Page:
Benjamin Bailey

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Daily Press
September 23, 1962

Yorktown – Dr. Benjamin Herman Bailey, 61, died of a heart attack during the half period of the William and Mary – University of Virginia football game at nearby Williamsburg Saturday.

He was a general practitioner in Virginia for 35 years, first in Henrico County for 26 years and in York County for the past eight years. In 1949, when he closed his office in Sandston and moved to Yorktown, he said he did so because a heart attack had made it necessary for him to undertake a ‘limited’ practice, but in Yorktown he became one of the busiest physicians on the Peninsula.

Born in Powhatan County in 1901, the son of a physician, Dr. J. B. Bailey and Mrs. Bailey, the Yorktown doctor’s years of practice spanned an era during which he began by riding miles in a snowstorm to deliver twins in a New Kent County cabin.

Dr. Bailey was married to Frances Rives Adcock of Orlando, Fla., who survives along with three children; Maj. Benjamin Herman Bailey, Jr., who with his wife, Ann Marie, and children, Beth and Lynn, is stationed in London, England; First Lieut. (Dr.) Robert Rives Bailey and wife Betty and children, Frances Rives and infant girl of Tacoma, Wash., and Dean Adcock Bailey and his wife Susan, both of whom are York County teachers. Also surviving is Mrs. J. R. Bailey of Keysville, the widow of Dr. Bailey’s twin.

The athletic field at Highland Springs High School, Highland Springs, Va. was named Bailey Field in his honor. He served for years as the team’s physician. When he moved to York County, he undertook the same work with the York High football team.

He was a deacon of Yorktown Baptist Church, a past president of the Yorktown-Williamsburg-James City County Medical Society, a member of the board and staff of Williamsburg Community Hospital, a member of the Newport News Medical Society, a charter member of the York Lions Club, served on the Yorktown Boys Scout Council and the board of the York County Chapter of the National Foundation, and worked with the Heart Fund and the Tuberculosis Association in various capacities.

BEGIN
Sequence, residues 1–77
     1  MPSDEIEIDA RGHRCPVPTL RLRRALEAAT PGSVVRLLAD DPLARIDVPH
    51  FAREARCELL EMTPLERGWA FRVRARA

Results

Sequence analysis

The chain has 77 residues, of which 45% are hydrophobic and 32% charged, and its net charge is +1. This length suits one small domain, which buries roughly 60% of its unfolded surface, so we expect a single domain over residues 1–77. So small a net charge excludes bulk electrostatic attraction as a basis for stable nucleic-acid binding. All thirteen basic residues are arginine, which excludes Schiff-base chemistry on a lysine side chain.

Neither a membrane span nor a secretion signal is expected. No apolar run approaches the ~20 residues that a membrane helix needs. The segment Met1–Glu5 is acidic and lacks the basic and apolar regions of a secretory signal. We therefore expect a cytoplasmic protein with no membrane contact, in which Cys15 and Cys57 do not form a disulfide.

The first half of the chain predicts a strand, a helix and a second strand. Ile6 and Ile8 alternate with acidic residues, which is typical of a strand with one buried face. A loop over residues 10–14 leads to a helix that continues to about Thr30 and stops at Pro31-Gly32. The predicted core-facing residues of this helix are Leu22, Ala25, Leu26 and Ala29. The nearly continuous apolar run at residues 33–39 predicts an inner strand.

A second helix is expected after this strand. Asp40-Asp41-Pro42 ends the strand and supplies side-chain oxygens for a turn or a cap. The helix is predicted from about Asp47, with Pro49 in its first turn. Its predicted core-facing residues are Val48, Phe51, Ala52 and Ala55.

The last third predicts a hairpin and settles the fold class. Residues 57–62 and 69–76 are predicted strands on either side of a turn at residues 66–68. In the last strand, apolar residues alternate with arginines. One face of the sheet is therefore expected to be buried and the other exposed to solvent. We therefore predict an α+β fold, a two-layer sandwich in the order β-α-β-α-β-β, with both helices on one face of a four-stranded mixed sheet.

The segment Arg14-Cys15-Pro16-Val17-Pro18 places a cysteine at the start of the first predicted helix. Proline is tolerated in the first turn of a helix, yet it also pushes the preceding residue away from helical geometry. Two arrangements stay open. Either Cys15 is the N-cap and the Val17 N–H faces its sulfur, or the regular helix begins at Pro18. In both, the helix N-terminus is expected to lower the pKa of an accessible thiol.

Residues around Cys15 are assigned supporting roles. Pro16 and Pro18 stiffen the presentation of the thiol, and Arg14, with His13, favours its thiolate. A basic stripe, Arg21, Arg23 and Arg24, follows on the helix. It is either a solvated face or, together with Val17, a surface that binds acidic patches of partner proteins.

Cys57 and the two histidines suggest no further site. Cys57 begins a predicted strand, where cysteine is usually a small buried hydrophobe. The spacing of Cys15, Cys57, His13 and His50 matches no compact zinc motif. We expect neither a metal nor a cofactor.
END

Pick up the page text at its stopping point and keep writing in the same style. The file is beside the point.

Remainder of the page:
While living in Sandston, he was active as a Mason and a member of the Sandston Civic Club and was a deacon of Sandston Baptist Church.

He was also a member of the State, American, Southern and Tri-State Medical Associations, the Academy of General Practice and the Richmond Academy of Medicine and the Commonwealth and Hermitage Clubs.

When he left the Richmond area, the Richmond Academy of General Practice wrote him: “May you depart knowing you have not only won the warm love and confidence of your patients, but also the admiration and esteem of your fellow practictioners. “A good job welldone, to the credit of the medical profession.””

During his Sandston practice, he delivered more than 4,000 babies, but he discontinued obstetrics when he moved to Yorktown.

He was a graduate of Hampden-Sydney College and interned at the Medical College of Virginia Hospital and Johnston-Willis Hospital, Richmond.

His wife was in Tacoma, Wash., with their newest grandchild when he died. She said that it was his request that there should be no flowers, but that donations be made to Sheltering Arms Hospital, Richmond. Funeral plans will be announced.